"A lot of people who are members but hadn't been attending regularly or hadn't attended in a while are all coming back to the community," she said.
She thinks the stress of politics is driving women and immigrants in particular to church. "When people are afraid, when they're facing trauma, when they're in the midst of tremendous challenge and difficulty, they seek out communities that will support them," Frederick-Gray said. "They seek out religious community. And I believe people are experiencing trauma in this political environment."
When The Washington Post asked women who participated in the January Women's March to write in about what actions they've taken since Trump's inauguration, at least a dozen mentioned getting more involved in a church.
"At this time in our lives, this whole political climate is so distressing, a bit frightening, and so un-Christian to me that it is heartbreaking. So many people profess to believe in God but speak and act in ways that Jesus would never condone," wrote Tami Garrow, 57, of Yuma, Ariz. "I just don't get it. At all. . . . So I go to church, write my elected officials, send money, pray, and try to figure out how to be relevant in a world that suddenly feels a bit foreign to me."
Many mainline Protestant churches, as well as mosques and synagogues, have redoubled their social action activities, attracting new members who want a place to get involved. Church committees across the country have been busy hosting rallies about climate change and racism, writing and calling legislators about health care and taxes, and offering direct aid to refugees and immigrants.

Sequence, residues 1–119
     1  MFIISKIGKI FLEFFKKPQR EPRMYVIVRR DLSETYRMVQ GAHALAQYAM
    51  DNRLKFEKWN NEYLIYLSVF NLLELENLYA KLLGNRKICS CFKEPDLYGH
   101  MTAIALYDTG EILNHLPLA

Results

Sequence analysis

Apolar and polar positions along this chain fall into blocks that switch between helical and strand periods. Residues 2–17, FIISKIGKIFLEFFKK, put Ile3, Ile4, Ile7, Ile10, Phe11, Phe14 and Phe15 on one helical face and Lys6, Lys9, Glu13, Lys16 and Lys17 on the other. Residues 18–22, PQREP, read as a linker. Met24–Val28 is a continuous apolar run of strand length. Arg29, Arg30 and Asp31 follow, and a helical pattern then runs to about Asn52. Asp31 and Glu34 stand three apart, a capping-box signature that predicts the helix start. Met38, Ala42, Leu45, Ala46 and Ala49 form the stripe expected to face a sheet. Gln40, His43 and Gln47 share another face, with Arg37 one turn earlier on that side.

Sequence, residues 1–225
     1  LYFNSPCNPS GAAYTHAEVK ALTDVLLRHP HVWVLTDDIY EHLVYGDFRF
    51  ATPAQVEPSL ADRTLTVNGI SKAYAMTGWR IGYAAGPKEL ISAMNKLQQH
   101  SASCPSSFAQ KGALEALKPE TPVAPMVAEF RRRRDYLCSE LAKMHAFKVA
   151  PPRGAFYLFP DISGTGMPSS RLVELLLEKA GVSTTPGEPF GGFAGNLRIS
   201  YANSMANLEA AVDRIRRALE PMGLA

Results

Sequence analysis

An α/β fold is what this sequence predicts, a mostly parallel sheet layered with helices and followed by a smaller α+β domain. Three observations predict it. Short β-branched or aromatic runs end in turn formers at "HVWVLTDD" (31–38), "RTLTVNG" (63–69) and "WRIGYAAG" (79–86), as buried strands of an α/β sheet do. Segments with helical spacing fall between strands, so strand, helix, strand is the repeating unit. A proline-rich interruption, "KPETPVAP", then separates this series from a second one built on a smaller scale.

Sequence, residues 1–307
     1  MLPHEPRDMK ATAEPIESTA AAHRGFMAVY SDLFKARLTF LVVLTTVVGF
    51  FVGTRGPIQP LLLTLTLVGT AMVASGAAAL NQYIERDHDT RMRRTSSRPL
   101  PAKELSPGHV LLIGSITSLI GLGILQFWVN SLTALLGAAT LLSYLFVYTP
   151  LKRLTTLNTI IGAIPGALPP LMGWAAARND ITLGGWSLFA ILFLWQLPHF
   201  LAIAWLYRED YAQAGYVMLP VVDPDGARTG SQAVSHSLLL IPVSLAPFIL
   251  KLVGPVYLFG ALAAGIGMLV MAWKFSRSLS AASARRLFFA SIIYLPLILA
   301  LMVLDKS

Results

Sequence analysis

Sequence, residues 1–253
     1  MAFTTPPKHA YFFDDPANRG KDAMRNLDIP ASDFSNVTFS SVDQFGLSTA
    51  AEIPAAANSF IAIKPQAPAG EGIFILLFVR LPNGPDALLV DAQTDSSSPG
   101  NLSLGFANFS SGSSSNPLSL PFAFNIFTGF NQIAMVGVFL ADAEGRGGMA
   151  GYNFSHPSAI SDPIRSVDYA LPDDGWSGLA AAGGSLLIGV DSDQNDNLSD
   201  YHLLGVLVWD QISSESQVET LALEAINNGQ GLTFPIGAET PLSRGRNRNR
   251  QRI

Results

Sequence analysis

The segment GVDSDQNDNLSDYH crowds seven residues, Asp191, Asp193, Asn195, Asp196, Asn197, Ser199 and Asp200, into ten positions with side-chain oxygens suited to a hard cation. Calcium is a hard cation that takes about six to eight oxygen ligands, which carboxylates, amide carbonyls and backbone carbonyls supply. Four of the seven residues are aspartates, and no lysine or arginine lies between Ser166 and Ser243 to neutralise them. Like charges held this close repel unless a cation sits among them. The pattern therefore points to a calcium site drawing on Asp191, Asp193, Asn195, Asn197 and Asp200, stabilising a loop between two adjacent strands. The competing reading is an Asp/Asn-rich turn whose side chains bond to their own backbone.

"I hear that constantly from pastors, that they've seen an uptick in attendance post-
election," said the Rev. Jennifer Butler, who chaired a White House faith council during the Obama administration and now leads the liberal organization Faith in Public Life.
"I think what's helping is that there's also a larger public witness of, I guess you would call it, 'progressive religion' — which I think has given people some comfort and some feeling of confidence in the church, that the church is going to practice what it preaches," Butler said.
At St. Margaret's, members have joined some of the protest marches and have reached out to Muslim and Jewish leaders to show solidarity. But often the volunteer opportunities are less obviously political, like serving meals to hungry neighbors.
Jade Williams, 27, has started going to St. Margaret's on both Thursdays and Sundays to serve meals and chat with the homeless guests. She came to the church recently, soon after she moved from the Bahamas to the District to work for the Bahamian Embassy here and spotted a sign on the church's door. It matches many of the yard signs that sprang up in the District after the election: "Black Lives Matter . . . Love is Love, Science is Real." But it ends with an additional line: "God's Grace is Everything."
"That's what drew me there and really keeps me there," she said about the sign.